If you picked up hand lettering in 2017 and have stuck with your new awesome hobby until now—yay! you made it so far! Getting started is the hardest part but if you're not constantly pushing yourself, you'll soon find all your brush calligraphy pieces looking just “good enough”.
To that end, I always keep a handy supply of lettering inspiration in an Instagram Saved collection—things that I consciously want to try more of. Here are my best picks for modern calligraphy ideas. Some have an interesting style to be tried, some are part of recent lettering trends, each can help you bring a new aspect to your lettering.
1. Inconsistent stroke thickness
When you start learning calligraphy, most instructions (including me at my workshops) tell you to keep your strokes the same thickness and thinness—maintain equal contrast. But once you've learned the rules, have fun breaking them.
2. Try calligraphy with an ornamental nib
Ornamental nibs have big flat round tip that gives you thick strokes of perfectly uniform thickness. Because you can use them with inks, you can try all sorts of colours and blending.
3. Try calligraphy with fat round-tipped markers
These will also give you uniformly thick lines in calligraphy, which will result in different styles than brush tips. A different tool can sometimes force you to try out different lettering styles. You can use markers from Posca or Brustro or Zig.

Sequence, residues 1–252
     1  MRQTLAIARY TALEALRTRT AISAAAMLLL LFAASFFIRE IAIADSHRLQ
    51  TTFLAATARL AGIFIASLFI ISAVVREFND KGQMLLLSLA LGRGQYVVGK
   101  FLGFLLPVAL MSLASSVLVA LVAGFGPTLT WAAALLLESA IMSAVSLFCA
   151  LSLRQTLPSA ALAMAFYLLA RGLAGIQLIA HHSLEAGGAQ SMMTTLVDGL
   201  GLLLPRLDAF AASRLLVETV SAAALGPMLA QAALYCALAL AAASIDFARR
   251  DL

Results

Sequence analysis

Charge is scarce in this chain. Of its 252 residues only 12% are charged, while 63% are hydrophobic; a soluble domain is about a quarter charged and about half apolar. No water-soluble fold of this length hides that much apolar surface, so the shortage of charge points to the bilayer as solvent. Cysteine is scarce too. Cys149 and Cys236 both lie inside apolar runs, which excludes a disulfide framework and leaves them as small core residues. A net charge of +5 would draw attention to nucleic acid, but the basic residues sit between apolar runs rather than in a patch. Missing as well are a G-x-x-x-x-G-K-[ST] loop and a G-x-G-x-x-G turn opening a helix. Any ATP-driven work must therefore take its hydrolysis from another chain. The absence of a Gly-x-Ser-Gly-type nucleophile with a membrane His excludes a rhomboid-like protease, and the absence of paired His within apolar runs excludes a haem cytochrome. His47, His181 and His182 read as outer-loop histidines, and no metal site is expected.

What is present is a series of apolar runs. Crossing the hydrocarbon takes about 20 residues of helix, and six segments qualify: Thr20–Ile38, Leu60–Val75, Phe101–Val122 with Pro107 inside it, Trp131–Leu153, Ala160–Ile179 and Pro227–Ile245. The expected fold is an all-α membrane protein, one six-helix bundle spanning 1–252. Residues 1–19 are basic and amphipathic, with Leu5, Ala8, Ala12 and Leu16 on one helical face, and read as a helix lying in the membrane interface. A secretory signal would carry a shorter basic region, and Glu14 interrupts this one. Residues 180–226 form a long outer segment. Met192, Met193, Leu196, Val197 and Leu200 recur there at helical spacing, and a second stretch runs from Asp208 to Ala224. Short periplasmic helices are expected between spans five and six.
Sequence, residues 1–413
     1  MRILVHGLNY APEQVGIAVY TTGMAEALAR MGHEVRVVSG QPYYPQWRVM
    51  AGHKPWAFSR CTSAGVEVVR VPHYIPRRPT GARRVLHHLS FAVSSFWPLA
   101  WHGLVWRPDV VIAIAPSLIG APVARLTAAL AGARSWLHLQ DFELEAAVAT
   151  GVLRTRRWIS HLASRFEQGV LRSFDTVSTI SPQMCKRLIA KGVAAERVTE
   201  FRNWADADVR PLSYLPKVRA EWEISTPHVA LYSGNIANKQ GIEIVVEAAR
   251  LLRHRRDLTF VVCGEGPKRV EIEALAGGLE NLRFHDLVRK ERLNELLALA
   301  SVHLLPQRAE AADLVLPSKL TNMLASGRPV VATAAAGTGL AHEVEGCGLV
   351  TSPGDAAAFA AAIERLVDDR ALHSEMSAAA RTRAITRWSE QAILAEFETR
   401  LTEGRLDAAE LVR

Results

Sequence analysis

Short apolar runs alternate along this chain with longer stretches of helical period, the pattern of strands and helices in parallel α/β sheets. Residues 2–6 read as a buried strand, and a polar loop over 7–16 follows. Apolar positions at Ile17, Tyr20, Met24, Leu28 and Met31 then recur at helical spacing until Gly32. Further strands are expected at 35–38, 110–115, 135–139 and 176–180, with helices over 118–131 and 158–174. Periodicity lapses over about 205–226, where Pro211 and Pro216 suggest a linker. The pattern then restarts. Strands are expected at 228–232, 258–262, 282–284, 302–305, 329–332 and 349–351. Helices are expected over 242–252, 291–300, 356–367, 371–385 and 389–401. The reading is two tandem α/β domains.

4. Try writing on surfaces other than paper
The world can be your lettering canvas! You can do calligraphy on leaves, mirrors, shells, jars, coffee mugs and walls. While it depends on the surface you choose, you will likely need permanent markers to do this. And if you want your artwork to last longer, get some Mod Podge.
5. Try embossing powders
This lettering technique has caught on recently and I'm hoping to give it a try in 2018. It looks so damn stunning. You'll need an embossing pen and embossing powder.
6. Try black on black or use all the colours of the rainbow
Colour is one of the easiest ways to experiment in lettering. For multi-coloured pieces, you can use Camlin (cheap) or Ecoline (expensive) drawing inks or watercolours.
7. Try digital calligraphy with an iPad Pro or graphic tablet
I bought an iPad Pro and Apple Pencil over a year ago and have spent countless hours practicing calligraphy, playing around and even creating final client work on the Procreate app. So much so that now I've created packs of custom calligraphy brushes (for the Procreate app) that simulate real-life calligraphy tools.
If you want to try a cheaper option (iPad aren't famous for being affordable), get a basic graphic tablet by Wacom or iBall.
Casual, informal styles